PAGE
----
Supermassive Black Hole Kicked Out of Its Galactic Core by Powerful Gravitational Waves
Astronomers revealed that powerful gravitational waves are capable of kicking out supermassive black holes from the center of a galaxy.
Their findings, described in a paper to be published in the March 30 issue of Astronomy and Astrophysics, showed that the gravitational waves created by two merging black holes at the center of the galaxy have the propulsive energy to drive away a supermassive black hole. The researchers estimate that the propulsive energy necessary to do such feat is equivalent to the energy produced by 100 million supernovas exploding simultaneously.
"When I first saw this, I thought we were seeing something very peculiar," said team leader Marco Chiaberge of the Space Telescope Science Institute (STScI) and Johns Hopkins University, in a statement.
Chiaberge and his colleagues first noticed that something is unusual with a galaxy eight billion light-years away when Hubble images taken in visible and near-infrared light showed a bright quasar located far from the center of the galaxy. Quasars are intense, compact gushers of radiation that can outshine an entire galaxy. They also serve as the energetic signature of black holes.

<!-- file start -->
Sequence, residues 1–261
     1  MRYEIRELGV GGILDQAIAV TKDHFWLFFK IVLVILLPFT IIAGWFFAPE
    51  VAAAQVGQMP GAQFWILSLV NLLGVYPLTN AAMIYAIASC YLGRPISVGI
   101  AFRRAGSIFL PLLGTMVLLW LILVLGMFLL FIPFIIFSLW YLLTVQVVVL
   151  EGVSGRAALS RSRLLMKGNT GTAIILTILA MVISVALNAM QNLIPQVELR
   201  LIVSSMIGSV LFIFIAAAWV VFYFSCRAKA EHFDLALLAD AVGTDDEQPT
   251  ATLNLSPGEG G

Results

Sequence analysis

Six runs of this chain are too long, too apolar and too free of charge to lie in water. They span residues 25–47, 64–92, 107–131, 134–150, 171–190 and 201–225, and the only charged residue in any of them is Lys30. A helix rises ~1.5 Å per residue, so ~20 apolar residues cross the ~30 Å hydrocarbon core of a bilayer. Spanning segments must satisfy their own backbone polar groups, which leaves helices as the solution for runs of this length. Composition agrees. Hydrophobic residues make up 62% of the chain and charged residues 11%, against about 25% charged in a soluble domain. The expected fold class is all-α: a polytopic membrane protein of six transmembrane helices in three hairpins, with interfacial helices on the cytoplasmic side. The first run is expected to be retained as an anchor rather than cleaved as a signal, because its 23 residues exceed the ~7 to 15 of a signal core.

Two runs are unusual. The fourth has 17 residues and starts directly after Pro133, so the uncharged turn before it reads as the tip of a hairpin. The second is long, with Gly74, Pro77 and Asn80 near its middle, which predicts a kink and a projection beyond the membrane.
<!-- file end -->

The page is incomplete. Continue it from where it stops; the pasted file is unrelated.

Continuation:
Calculations showed that the black hole is moving away from the center of the galaxy at 4.7 million miles an hour, fast enough to escape the galaxy and roam the universe in approximately 20 million years. The team calculated that the black hole had already travelled over 35,000 light years from the center, which is more than the distance between our sun and the center of Milky Way.
The researchers devised a likely scenario how the black hole got kicked out of its original location. In their theory, the researchers believe that two galaxies collided with each other and formed an elliptical galaxy. As the two galaxies merge, their black holes settle in the center and whirl around each other, creating gravitational waves.
The researchers noted that the if the two black holes don't have the same mass and rotation rate, it is highly possible that they emit gravitational waves more strongly along one direction. When the black holes finally collide, they stop producing gravitational. The newly merged black hole then recoils in the opposite direction of the strongest gravitational waves and shoots off like a rocket.
Another unlikely explanation for the out of place quasar is that the Hubble images created an illusion that it belongs to the galaxy. It is possible that the quasar belongs to another galaxy behind the galaxy they were observing.